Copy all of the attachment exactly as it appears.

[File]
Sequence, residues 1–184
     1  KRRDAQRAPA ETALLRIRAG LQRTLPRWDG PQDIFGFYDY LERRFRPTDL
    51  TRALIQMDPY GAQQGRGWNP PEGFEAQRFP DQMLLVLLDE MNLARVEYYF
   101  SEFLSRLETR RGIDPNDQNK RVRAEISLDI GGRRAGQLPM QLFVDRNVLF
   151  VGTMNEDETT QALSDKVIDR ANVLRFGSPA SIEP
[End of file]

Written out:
Sequence, residues 1–184
     1  KRRDAQRAPA ETALLRIRAG LQRTLPRWDG PQDIFGFYDY LERRFRPTDL
    51  TRALIQMDPY GAQQGRGWNP PEGFEAQRFP DQMLLVLLDE MNLARVEYYF
   101  SEFLSRLETR RGIDPNDQNK RVRAEISLDI GGRRAGQLPM QLFVDRNVLF
   151  VGTMNEDETT QALSDKVIDR ANVLRFGSPA SIEP